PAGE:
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1 review, 2 user ratings

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by Stephen Groenewegen

"Class act"
4 stars

Caddie is a warmly coloured, lovingly told adaptation of a pseudonymous autobiography. “Caddie” (Helen Morse) leaves her violent middle class husband after he cheats on her, escaping with their two small children into the poorer streets of Sydney. Determined to raise her children solo, she takes a job as a barmaid. Writer Joan Long and director Don Crombie follow her through the late 1920s into the Great Depression, charting her struggles to support her family and her misfortune with men.

The film’s chief flaw is its episodic storytelling. Just as a character seems ready to spark with Caddie, they disappear from the film entirely. This is true of the film’s three AFI supporting acting winners: Jacki Weaver as plucky barmaid Josie, who’s last seen after a backyard abortion; Melissa Jaffer’s Leslie, who works in a more up-market hotel and overcharges the customers to replenish her “tips jar”; and Drew Forsythe as the painfully shy Sonny, brother of the neighbourhood rabbit-o, who helps care for Caddie when she’s malnourished and exhausted.

Helen Morse is playing a very different character to her French schoolmistress in Picnic at Hanging Rock the previous year, and her presence goes a long way towards holding the film together. Also worthy of note in a small role is Jack Thompson as the likeable bookie heel, Ted. He christens Morse’s character “Caddie” after his car, for her beauty and class. It’s the smaller characters that give Morse something to work with; the film drags when it’s only her and Greek lover Peter (Takis Emmanuel). They’re both so serious and noble in love that you know it can only end in tragedy. It does, off screen (a closing title tells us he returned from Greece, but died in a motor vehicle accident before they could marry).

There’s some poorly matched post-synchronisation and dialogue that sounds peculiarly of the 1970s (but may be accurate to the period), as Caddie spouts feminist slogans and rails against dole bludgers and accepting welfare. But the 1920s and early 1930s have been recreated beautifully on a tight budget, with costumes (Judith Dorsman) and production design (Owen Williams) superb. Arguably, producer Anthony Buckley could have saved money by not having period colour, such as transport, in the background of every shot. Patrick Flynn’s score manages to evoke the era without being twee.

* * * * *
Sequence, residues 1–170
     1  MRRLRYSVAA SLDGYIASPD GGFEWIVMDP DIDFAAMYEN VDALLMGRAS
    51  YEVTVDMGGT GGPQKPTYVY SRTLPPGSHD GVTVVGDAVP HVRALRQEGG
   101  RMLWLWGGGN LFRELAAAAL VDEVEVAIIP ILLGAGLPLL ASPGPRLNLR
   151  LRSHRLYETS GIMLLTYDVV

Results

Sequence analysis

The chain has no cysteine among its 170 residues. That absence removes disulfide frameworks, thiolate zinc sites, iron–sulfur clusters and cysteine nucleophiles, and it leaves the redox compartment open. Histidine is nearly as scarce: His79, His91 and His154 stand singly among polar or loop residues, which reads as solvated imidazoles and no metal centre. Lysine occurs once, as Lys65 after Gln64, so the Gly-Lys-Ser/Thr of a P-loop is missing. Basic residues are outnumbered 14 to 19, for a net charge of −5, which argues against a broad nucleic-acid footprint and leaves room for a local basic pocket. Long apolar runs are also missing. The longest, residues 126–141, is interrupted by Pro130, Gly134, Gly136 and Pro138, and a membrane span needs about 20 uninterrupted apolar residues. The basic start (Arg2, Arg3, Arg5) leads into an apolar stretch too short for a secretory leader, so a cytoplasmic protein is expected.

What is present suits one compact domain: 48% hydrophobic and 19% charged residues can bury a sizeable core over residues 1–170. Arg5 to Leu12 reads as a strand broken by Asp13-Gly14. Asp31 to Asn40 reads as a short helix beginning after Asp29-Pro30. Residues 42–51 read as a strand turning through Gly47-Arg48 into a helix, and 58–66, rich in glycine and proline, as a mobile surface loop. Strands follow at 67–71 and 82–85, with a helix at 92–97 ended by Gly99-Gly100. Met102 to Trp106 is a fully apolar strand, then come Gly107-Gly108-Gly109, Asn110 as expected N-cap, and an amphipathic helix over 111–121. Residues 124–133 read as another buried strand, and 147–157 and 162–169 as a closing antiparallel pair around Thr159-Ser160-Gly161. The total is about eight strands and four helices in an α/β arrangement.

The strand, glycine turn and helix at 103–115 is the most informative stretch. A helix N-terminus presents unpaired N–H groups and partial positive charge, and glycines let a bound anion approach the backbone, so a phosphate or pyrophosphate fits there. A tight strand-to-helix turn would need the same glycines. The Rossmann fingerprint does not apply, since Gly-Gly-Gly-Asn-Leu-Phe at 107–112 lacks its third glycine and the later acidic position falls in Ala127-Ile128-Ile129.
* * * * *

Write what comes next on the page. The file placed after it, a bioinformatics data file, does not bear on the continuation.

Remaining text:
The ending’s very sudden, and it’s difficult to know what Crombie and Long are trying to say with this character. Morse conveys Caddie’s resilient style, but isn’t very expressive when it comes to the film’s themes of class, the working spirit, feminism and obstacles to survival amongst the down-trodden. Perhaps it’s peculiarly Australian to celebrate such an anonymous, if representative, life but Caddie at least portrays it entertainingly, with gentle charm and humour.

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originally posted: 07/23/03 13:36:13
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User Comments

2/25/08 Don Conlin Pretty good for a movie with a small budget but I'd watch Helen Morse in anything. 4 stars
3/21/04 Eli its okay 3 stars
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Directed by
  Donald Crombie

Written by
  Joan Long

  Helen Morse
  Takis Emmanuel
  Jack Thompson
  Jacki Weaver
  Melissa Jaffer
  Drew Forsythe

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